Colin is one of many champions being highlighted by the GEM Report in the run up to the launch of its 2020 publication on inclusion and education: All means all, due out 23 June. In their own way, and in multiple countries around the world, these champions are fighting for learner diversity to be celebrated, rather than ignored.
In 2008, Johannesburg experienced a heavy wave of discrimination and xenophobic attacks against the immigrant community. At that time, Colin Northmore, the then principal of Sacred Heart College, a school known to many for its fight against apartheid, was approached by the Marist Brothers and a Methodist bishop asking him to do something to alleviate the plight of immigrant children unable to access schooling. Sacred Heart College agreed to assist and the Sacred Heart College Board of Governors made a decision to extend its educational expertise to its neighbouring immigrant communities in the form of an afternoon bridging programme. This is when the Three2Six project was established. Despite being a constitutional right, the right to education in South Africa is not realized for many due to various barriers such as documentation. In addition, English is a pre-requisite for children to be able to enrol in school. Immigrant students often come from Francophone and Lusophone countries.
Three2Six offers 3 hours of daily education– from 3pm to 6pm – to immigrant children of primary-school age who cannot access state schooling helping them to get up to speed in curriculum content by teaching them English, Mathematics and Life Skills to join the public education system, and building up their resilience to prepare them for this transition. Students also receive meals, uniforms, textbooks, stationery and transportation services when needed. The integration process takes 18 months on average. Although it began at the Sacred Heart school, Three2Six has now expanded to two other campuses in Johannesburg, Observatory Girls’ Primary School and Holy Family College, and serves 225 students compared to 62 in 2008. Since its inception, over 600 children have been able to register at state schools with support from the project.
The Three2Six project also provides employment for teachers within immigrant communities who are not able to find work in the South African system. Teachers receive training alongside their peers from the host schools and receive support to validate their teaching credentials from their countries of origin and acquire South African teaching qualifications, with many of them managing to complete master’s degrees and other specializations. The project also serves an advocacy function. In collaboration with NGOs and human rights groups, the management team of the project advocates with the government to include immigrant children into the national education system.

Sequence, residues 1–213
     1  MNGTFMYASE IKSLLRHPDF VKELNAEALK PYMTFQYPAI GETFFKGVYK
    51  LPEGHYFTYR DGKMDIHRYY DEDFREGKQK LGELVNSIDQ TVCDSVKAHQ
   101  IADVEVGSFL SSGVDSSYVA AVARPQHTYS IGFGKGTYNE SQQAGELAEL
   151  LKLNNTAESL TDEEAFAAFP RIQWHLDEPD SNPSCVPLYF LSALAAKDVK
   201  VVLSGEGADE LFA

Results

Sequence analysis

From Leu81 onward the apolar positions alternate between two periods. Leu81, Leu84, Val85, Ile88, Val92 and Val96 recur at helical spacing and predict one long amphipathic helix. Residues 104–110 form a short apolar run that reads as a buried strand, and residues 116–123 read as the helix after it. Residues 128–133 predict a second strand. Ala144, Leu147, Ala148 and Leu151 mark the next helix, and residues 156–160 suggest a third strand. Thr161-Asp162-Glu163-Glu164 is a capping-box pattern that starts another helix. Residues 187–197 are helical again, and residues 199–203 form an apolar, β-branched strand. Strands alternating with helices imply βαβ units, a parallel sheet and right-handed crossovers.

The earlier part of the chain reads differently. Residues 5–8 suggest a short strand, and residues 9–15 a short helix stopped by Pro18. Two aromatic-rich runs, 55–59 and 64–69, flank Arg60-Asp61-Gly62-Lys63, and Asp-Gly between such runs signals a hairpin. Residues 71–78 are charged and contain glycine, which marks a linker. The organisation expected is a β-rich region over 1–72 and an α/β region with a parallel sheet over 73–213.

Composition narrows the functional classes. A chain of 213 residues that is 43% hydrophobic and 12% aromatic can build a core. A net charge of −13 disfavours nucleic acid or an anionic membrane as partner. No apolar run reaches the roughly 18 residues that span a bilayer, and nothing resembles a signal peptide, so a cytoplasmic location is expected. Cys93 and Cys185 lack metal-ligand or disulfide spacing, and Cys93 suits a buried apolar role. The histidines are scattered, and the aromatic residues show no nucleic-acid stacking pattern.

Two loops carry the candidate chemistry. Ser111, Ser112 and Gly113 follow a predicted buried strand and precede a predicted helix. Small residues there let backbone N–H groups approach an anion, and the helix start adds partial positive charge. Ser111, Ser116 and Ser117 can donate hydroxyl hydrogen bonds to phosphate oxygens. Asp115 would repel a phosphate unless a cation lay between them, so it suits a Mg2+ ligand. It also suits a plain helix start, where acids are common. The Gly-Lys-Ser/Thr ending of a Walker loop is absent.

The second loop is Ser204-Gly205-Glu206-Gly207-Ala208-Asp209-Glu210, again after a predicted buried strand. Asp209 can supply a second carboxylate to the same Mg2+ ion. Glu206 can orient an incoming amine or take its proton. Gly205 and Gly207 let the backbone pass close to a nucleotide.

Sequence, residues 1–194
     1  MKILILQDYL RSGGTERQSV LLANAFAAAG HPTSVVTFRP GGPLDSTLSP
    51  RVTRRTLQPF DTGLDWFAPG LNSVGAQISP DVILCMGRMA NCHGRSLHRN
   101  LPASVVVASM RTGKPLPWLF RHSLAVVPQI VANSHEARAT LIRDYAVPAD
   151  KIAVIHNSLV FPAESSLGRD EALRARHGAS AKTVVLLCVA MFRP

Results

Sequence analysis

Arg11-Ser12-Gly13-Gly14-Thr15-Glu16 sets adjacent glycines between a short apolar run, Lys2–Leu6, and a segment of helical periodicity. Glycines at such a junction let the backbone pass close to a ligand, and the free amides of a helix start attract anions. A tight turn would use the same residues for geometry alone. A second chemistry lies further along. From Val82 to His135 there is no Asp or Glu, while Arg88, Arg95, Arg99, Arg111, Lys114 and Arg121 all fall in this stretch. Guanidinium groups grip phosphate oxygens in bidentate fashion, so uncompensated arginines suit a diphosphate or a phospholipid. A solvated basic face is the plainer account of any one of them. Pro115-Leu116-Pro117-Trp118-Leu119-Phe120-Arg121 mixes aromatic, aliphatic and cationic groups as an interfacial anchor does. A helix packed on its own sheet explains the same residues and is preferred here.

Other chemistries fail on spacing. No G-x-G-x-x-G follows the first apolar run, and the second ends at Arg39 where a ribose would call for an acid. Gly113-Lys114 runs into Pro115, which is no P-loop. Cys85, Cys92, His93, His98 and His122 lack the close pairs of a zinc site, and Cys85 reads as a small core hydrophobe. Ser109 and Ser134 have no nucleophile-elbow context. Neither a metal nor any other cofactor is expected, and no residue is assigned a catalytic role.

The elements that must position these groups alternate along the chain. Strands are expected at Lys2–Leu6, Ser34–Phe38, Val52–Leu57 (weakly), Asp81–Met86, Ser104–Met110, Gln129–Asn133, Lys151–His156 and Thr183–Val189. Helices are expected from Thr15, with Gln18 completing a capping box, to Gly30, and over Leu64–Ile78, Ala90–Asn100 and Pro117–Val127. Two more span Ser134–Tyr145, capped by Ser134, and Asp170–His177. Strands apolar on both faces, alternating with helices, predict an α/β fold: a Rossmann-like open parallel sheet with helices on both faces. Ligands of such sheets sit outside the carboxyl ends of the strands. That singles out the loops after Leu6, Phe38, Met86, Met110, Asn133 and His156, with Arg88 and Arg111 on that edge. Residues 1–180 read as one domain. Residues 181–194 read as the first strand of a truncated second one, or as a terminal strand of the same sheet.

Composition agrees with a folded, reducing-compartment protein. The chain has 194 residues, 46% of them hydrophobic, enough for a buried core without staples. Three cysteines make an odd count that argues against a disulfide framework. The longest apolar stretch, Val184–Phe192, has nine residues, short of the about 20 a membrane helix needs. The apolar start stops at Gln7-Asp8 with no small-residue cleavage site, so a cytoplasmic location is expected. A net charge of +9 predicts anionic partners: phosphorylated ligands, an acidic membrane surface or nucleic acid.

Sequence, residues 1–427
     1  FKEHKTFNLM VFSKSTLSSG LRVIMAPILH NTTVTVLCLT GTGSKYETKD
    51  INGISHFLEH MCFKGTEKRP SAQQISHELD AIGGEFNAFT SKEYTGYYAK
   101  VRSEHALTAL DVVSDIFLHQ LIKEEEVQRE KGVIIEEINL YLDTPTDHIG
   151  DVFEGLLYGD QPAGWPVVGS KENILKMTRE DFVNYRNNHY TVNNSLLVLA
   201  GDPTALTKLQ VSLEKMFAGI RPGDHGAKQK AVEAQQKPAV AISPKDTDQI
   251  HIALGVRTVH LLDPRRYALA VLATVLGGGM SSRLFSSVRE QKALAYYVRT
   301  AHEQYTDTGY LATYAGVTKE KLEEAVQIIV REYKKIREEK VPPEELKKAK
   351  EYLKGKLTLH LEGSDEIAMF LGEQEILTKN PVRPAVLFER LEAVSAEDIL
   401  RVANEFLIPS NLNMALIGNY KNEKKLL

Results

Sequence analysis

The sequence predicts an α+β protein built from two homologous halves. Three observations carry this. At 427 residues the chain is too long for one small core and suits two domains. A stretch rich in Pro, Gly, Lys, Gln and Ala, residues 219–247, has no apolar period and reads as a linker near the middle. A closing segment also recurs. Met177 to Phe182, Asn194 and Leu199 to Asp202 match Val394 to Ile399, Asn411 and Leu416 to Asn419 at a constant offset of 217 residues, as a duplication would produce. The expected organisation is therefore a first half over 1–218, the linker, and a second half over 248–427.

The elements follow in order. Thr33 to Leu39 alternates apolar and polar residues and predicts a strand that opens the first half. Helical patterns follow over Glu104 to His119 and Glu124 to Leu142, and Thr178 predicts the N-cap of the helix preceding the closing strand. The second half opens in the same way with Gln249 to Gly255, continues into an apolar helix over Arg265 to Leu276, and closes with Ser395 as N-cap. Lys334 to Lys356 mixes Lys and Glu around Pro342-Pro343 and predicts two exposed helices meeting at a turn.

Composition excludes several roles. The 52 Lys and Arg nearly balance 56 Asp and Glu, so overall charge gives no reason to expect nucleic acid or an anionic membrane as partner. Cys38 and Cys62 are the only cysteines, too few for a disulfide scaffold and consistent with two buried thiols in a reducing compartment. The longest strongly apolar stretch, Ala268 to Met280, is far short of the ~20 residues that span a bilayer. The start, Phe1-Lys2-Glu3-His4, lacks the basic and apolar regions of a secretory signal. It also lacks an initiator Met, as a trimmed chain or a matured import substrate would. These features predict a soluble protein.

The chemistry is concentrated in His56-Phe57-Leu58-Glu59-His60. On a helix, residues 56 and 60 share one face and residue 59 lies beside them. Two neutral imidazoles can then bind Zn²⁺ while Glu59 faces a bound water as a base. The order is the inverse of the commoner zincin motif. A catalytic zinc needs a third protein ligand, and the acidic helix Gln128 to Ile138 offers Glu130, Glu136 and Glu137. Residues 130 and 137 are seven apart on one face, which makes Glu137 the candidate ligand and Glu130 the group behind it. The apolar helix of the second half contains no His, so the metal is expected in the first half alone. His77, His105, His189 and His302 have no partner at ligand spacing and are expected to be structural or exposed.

“It is only when a country can assure the rights of the furthest marginalized, that we can say that all of our rights are accomplished”.
It is not a surprise to hear that the immigrant community like the programme: the waiting list for the schools is three times the capacity of the program. Mark Potterton, the current director of the project, considers its success comes from its main value: reciprocity. Not only do teachers from the host schools and the program interact during teacher training sessions, but students also interact with each other, with South African students often volunteering as reading partners, leading physical education classes for their afternoon schoolmates and joining the yearly December holiday programme.
“Teaching educators and pupils about the rights of refugees and other marginalised groups and their experiences is critical to fighting discrimination and xenophobia at a large scale. Teaching tolerance, empathy and the importance of inclusion at a young age will have a lasting impact on a society as a whole.”
Join our first ever virtual global launch on 23 June to hear from inclusion champions, ministers, teachers and celebrities from different corners of the world.